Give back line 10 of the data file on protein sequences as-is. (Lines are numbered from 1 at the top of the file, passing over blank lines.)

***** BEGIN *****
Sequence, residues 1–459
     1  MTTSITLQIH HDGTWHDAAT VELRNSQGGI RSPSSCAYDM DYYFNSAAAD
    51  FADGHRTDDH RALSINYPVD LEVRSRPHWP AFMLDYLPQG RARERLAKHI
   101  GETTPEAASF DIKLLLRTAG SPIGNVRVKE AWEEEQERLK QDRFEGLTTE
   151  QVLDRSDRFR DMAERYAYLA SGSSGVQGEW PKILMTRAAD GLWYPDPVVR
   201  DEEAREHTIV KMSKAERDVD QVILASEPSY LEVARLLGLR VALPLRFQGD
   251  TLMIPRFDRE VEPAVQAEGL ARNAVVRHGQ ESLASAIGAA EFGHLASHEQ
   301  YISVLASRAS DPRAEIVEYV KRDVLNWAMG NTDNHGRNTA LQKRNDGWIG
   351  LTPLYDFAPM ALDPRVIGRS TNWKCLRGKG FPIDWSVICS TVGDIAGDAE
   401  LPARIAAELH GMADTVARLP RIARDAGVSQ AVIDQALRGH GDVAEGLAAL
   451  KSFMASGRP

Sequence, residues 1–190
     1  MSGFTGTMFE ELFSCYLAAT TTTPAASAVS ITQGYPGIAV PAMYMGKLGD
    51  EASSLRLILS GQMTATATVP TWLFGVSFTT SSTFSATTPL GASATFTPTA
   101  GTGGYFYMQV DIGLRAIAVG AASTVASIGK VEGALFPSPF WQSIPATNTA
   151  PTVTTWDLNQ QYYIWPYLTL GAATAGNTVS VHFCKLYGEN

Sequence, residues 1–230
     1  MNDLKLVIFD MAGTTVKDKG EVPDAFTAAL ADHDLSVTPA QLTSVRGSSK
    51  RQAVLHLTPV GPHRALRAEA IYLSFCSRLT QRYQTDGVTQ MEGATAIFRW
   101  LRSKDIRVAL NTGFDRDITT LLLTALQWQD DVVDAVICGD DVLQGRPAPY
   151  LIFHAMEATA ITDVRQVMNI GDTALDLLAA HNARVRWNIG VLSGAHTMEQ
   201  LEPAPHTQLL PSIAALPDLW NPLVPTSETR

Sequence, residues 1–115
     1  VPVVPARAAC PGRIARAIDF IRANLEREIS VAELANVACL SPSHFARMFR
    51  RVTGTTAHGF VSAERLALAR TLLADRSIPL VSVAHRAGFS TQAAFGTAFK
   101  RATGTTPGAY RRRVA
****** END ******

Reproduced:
   401  LPARIAAELH GMADTVARLP RIARDAGVSQ AVIDQALRGH GDVAEGLAAL